After your outdoor adventure, why not warm up from the lingering spring chill with a drink or hearty dish from the cosy tearoom?
Kennall Vale is a peaceful area of woodland in Ponsanooth, in an idyllic valley between Redruth and Penryn, which has the ruins of an abandoned gunpowder factory. It’s a nature reserve with historical ruins, making it an extra special place to explore. The history of the vale is fascinating. Kennall Mills was a great producer of gunpowder for the mining industry from 1812 and was one of only two gunpowder works operating in Cornwall at the time.
Experience total tranquillity as you wander through the beautiful woods, listening to the sound of the birds above you and the rushing of water as your meander alongside the river. It’s a wonderful place for children to explore and play hide and seek and for dogs to paddle in and out of the stream.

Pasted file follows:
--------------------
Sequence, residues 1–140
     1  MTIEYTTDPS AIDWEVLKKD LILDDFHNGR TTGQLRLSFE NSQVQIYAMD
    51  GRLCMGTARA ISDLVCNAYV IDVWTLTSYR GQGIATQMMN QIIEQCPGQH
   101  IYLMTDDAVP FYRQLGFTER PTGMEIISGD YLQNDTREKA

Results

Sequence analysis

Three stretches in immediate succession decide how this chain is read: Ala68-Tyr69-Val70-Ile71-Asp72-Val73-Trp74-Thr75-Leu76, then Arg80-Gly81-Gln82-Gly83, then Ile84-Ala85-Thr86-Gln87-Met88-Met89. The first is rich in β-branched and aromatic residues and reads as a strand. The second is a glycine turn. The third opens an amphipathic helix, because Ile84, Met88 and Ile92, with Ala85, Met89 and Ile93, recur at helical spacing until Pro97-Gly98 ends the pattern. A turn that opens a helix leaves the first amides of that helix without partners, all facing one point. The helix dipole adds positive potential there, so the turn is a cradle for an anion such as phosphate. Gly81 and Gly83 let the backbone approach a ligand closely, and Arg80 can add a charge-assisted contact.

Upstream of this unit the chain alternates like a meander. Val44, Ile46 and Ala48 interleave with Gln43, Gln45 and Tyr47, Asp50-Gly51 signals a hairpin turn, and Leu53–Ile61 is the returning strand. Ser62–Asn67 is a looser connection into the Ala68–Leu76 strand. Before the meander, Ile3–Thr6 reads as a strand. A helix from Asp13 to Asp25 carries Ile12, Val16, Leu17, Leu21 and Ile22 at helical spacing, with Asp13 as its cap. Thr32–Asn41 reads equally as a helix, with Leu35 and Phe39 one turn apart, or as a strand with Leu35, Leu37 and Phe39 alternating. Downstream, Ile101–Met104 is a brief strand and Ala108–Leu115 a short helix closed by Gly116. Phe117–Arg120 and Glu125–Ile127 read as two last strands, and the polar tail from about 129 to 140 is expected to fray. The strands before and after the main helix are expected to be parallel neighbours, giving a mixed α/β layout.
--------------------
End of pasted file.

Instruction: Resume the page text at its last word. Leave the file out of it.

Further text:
The site is managed by the Cornwall Wildlife Trust and is a haven for woodland life. Discover interesting flora and fauna, look out for woodland birds, and seek out ruins of old water-wheel houses from the gunpowder works. You can park in the village of Ponsanooth and begin a circular walk from there. Bear in mind that the woodland and nature reserve can be muddy and slippery even in summer, so be sure to wear suitable footwear. This is one of the most idyllic and tranquil woodland walks in Cornwall.
Loe Pool is Cornwall’s largest natural lake which is found within the Penrose Country Estate. The combination of wooded tracks, the peaceful lake and vast stretches of nearby coastline make this a fantastic place to walk to appreciate Cornwall in the autumn.
Loe Bar was originally the mouth of the River Cober which led to a harbour in Helston. However, by the 13th century, the vast sand bar had cut Helston off from the sea and formed the pool.